Special session unlikely to tackle schools’ most pressing issues
COVID-19 liability protection for schools, essential to opening classrooms, is not among the legislative concepts previewed for this week’s special session.
The special session starting Wednesday, June 24, will primarily be focused on the state’s pandemic response and police accountability in the wake of widespread “Black Lives Matter” protests.
The state’s budget problems will likely be pushed back to a special session in mid-July or August.
Legislators have expressed they would like more time to study COVID-19 liability issues, and legislation may also wait for another session.
The fractured and contentious Legislature, however, has been unable to agree on the rules or scope of the special session, and such sessions allow more free-wheeling action than a regular session.
“Anything is possible,” said Lori Sattenspiel, OSBA Legislative Services director.
Of interest to school board members, a bill proposed for this session would help clarify virtual public meeting laws. Other possible legislation would revive bills that died during the cut-off short session, including a rural small schools funding bill and technical fixes to the corporate activities tax in the Student Success Act.
Proposals this session to raise the cap on virtual charter schools enrollment concern educators. OSBA and the Coalition of Oregon School Administrators oppose a proposed bill allowing more students to enroll in virtual charter schools not sponsored by school districts, which would shift hundreds of millions of dollars out of local schools.
Gov. Kate Brown has said she would rather hold another special session to address the budget after it becomes clear if there will be more federal aid.
The economic crash from the pandemic closures wiped out $2.7 billion in expected revenue. School district leaders, who must have budgets done by June 30, are waiting to see if there will be cuts to the State School Fund even as they are wrestling with increased expenses for education in the time of coronavirus.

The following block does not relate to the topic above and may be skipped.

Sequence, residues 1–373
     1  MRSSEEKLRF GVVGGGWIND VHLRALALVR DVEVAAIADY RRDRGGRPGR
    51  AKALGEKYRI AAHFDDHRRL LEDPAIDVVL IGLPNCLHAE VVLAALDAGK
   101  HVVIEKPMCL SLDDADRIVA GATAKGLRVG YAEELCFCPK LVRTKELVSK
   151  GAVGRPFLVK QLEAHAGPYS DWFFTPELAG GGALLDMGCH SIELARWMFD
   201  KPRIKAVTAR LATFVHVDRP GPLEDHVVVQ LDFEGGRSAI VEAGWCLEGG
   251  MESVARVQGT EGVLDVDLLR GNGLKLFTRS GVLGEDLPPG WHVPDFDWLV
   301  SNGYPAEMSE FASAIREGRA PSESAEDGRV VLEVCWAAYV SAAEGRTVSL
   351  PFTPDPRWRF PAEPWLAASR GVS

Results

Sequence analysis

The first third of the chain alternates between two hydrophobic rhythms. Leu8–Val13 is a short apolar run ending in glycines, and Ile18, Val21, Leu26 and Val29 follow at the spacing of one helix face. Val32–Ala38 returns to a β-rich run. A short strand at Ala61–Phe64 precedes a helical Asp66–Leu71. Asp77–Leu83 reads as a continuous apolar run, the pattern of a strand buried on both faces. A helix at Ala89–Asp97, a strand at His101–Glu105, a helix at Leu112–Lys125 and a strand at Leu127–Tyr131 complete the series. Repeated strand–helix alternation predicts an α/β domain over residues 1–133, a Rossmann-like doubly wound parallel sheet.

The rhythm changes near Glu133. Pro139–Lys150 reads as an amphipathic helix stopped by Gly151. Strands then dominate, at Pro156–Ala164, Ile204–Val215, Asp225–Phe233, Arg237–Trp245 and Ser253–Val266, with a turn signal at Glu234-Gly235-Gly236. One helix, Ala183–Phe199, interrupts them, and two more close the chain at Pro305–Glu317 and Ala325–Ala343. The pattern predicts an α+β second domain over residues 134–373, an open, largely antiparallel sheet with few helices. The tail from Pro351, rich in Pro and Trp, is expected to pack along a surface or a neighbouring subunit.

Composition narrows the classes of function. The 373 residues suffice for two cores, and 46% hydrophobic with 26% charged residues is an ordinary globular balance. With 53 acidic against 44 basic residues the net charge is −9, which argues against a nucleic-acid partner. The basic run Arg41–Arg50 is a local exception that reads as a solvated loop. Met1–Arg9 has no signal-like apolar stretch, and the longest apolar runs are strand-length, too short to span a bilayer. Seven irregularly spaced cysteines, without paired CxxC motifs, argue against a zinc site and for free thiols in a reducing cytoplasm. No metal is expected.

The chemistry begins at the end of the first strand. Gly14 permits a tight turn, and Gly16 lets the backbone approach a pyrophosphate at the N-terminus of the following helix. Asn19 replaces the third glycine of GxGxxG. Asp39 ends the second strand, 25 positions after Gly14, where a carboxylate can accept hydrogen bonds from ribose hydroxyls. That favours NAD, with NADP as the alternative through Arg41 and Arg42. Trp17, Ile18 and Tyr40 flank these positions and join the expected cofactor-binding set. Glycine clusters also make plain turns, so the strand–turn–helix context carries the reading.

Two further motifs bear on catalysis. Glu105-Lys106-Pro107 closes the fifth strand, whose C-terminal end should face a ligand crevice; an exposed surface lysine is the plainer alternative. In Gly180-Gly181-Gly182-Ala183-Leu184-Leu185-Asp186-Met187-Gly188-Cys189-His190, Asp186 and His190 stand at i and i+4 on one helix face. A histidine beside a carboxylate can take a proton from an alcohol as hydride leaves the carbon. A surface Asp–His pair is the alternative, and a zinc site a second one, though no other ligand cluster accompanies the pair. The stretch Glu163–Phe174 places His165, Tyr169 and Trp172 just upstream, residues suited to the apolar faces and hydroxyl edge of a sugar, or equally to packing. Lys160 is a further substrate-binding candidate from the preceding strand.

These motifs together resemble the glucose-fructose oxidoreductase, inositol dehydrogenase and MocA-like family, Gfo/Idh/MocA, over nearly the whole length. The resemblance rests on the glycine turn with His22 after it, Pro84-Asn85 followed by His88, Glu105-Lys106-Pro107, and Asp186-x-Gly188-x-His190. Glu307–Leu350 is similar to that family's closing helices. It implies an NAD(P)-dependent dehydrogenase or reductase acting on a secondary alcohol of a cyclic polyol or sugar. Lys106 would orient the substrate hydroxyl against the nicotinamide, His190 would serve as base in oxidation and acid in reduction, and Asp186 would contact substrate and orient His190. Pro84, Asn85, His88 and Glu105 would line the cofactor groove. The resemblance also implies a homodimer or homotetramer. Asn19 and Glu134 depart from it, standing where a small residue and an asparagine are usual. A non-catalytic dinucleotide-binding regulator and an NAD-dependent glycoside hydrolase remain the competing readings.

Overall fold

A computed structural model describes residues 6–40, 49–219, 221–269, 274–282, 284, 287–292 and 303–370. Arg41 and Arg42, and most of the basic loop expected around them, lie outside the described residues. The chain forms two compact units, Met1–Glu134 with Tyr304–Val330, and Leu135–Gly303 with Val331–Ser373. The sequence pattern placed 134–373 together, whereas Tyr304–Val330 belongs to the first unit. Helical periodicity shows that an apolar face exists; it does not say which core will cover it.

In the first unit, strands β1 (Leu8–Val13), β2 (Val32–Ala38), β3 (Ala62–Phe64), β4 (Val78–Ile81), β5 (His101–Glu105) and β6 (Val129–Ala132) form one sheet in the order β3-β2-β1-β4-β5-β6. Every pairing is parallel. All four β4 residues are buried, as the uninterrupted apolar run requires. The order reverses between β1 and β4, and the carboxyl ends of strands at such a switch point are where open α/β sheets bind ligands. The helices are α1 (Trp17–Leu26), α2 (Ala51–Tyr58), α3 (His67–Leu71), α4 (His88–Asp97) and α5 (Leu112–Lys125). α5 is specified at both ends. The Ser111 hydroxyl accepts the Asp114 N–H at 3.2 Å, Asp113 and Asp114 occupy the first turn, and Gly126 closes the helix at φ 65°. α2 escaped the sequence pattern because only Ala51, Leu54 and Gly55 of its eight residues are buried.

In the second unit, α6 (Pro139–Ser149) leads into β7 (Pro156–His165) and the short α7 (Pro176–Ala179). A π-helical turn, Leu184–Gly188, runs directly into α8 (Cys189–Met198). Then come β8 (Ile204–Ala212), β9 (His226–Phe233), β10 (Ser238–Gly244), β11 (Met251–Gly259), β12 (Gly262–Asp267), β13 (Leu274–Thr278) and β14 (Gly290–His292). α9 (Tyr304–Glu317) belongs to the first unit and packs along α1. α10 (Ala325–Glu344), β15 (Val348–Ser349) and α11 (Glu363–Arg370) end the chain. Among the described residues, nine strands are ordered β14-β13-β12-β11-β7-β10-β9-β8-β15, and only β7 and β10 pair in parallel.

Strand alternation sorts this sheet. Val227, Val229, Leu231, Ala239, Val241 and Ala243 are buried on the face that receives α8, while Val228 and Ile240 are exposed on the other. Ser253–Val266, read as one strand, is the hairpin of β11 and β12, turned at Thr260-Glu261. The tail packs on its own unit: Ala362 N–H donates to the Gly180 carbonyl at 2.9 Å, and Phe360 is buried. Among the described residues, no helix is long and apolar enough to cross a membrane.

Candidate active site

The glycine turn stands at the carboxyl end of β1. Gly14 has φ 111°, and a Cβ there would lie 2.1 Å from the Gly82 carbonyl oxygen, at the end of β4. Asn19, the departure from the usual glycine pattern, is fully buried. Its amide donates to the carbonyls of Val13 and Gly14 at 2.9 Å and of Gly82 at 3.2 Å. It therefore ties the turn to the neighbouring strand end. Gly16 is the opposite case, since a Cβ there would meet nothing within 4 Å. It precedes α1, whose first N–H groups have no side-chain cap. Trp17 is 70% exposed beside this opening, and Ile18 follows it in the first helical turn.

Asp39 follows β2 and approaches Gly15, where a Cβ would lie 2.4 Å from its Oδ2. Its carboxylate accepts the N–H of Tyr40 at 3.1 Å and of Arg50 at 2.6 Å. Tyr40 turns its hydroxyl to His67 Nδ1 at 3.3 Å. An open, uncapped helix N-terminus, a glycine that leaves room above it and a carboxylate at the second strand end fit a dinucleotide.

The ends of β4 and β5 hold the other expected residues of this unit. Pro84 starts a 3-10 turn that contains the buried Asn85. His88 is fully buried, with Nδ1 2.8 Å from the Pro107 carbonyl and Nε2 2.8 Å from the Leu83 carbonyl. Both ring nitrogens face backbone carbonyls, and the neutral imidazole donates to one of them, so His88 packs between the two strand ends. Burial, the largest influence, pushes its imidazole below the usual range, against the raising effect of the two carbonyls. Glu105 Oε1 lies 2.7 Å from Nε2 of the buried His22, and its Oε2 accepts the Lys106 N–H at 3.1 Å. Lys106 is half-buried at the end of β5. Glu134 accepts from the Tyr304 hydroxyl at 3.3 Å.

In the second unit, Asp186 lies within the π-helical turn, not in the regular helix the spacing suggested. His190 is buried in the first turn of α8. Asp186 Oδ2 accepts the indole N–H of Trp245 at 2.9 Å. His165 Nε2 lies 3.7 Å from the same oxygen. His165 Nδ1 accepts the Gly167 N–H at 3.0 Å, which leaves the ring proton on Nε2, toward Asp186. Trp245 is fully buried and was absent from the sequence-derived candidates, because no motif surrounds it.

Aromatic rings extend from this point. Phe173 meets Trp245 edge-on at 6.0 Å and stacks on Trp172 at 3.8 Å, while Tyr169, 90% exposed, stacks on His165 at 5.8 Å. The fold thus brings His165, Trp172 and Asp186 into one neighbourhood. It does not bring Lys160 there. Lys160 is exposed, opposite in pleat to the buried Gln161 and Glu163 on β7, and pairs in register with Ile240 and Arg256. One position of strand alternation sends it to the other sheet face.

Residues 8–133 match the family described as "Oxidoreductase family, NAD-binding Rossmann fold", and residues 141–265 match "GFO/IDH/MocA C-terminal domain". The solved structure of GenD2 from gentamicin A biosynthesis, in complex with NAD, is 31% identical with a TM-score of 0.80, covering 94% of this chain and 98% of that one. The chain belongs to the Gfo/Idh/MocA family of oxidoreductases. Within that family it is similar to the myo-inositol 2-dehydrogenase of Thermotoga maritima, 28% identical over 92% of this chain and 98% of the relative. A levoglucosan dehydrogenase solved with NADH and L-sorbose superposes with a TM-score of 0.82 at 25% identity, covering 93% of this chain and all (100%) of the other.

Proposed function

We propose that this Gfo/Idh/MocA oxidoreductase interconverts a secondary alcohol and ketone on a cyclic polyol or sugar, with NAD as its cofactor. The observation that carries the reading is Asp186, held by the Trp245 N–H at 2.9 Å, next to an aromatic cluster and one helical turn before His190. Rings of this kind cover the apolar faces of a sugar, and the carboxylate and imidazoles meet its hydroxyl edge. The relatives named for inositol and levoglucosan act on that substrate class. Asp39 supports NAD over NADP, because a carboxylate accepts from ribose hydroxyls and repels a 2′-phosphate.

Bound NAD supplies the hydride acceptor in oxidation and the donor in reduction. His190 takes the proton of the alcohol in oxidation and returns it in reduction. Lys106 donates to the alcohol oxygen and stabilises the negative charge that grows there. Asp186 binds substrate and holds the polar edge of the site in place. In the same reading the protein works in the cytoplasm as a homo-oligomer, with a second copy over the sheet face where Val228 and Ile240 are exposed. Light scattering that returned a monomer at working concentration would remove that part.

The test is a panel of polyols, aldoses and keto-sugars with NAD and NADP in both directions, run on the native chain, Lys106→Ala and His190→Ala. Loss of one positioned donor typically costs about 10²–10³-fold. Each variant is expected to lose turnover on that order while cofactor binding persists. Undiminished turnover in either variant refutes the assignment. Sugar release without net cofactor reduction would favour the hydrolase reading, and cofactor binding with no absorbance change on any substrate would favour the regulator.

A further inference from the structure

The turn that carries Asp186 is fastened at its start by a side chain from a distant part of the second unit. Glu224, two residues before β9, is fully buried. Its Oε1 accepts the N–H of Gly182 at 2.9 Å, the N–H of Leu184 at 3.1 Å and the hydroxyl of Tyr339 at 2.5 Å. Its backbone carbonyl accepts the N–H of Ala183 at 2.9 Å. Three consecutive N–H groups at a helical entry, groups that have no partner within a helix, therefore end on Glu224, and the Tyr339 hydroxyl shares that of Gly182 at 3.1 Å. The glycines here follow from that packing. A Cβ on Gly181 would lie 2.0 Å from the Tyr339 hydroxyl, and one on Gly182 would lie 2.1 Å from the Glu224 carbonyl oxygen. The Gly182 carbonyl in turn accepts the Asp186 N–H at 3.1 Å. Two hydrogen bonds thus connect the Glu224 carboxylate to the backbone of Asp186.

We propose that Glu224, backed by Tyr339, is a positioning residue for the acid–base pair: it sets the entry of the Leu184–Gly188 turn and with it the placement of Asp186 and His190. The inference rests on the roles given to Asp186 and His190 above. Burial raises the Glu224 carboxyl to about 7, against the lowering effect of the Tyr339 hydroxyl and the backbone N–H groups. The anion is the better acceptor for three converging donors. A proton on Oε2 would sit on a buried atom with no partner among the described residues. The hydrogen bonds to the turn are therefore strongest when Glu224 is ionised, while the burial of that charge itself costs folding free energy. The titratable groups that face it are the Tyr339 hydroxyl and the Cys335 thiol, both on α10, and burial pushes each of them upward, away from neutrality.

Education advocates are also pushing legislators to consider COVID-19 liability protection now, so that schools can make their fall plans. OSBA has urged education advocates to contact legislators to pass liability protection.
“At some point, somebody is going to get sick and sue,” said Dave Harvey, Property and Casualty Coverage for Education administrator for OSBA. PACE, which OSBA administers in conjunction with the Special Districts Association of Oregon, covers nearly all school districts in Oregon as well as community colleges, education service districts and charter schools.
PACE, Oregon’s leading insurance pool for education, is unable to offer COVID-19 coverage because insurance companies worldwide have stopped offering communicable disease coverage.
If someone accessing a school facility became sick or died, a lawsuit could cripple the budget of an unprotected school district. Businesses and other public entities are also seeking COVID-19 liability protection.
Schools are asking the Oregon Legislature to offer limited liability protection from COVID-19 cases, as long as they are following the law and there are no egregious violations, Harvey said.
What constitutes following the law is part of the concern, according to Umatilla Superintendent Heidi Sipe. The Oregon Department of Education’s fall guidance includes rules and recommendations. It is not clear if the recommendations would need to be followed to protect schools from liability lawsuits.
Sipe said some of the recommendations would require drastic changes to school operations and add significant cost without necessarily being in the best interest of children. She gave the example of a recommended 3-foot distance on school buses between children when other safety protocols are available. The 3-foot recommendation takes a bus that seats 72 children down to 14 children, completely altering not only transportation but how students can be served in current school boundaries.
“All these other ripple effects happen with just the word recommended,” she said.
Coquille Superintendent Tim Sweeney said a liability lawsuit would spell financial ruin for most school districts. Without liability protection, he said, he would have to consult his school board about sticking with distance learning, which would be “a huge disservice to students.”
“We would have to seriously consider our options if this is still hanging over our heads,” he said. “It’s terrifying, no doubt about it.”
- Jake Arnold, OSBA